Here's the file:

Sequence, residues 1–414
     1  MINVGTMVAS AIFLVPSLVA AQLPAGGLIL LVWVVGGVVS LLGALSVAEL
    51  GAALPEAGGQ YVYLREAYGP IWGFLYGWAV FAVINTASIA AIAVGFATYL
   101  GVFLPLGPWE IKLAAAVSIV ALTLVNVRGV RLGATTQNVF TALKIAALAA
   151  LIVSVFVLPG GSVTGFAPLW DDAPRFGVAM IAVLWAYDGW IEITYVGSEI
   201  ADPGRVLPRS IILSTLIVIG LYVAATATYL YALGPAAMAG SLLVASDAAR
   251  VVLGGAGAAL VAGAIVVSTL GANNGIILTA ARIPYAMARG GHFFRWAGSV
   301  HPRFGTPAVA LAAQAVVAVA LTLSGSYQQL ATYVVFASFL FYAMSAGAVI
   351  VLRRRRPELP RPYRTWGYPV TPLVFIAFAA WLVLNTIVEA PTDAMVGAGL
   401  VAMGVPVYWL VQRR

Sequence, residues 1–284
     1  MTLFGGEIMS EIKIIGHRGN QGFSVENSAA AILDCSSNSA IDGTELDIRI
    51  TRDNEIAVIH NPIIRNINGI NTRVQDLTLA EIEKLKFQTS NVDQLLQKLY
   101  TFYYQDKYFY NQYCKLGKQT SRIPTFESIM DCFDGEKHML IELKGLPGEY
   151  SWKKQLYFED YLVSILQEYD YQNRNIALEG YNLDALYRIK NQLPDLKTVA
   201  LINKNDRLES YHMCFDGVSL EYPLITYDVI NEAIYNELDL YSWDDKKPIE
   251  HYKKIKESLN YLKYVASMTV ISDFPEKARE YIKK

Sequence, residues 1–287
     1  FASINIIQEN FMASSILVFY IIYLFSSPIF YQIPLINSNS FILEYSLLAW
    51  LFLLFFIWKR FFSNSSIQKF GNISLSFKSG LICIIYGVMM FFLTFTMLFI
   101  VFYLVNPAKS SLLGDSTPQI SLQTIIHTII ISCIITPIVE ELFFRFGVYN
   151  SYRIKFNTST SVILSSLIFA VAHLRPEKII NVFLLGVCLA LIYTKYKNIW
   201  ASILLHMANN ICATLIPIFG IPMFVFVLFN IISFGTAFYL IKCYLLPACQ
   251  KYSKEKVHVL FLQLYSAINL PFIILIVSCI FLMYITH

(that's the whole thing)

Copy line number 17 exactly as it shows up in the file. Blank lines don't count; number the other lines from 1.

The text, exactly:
   251  HYKKIKESLN YLKYVASMTV ISDFPEKARE YIKK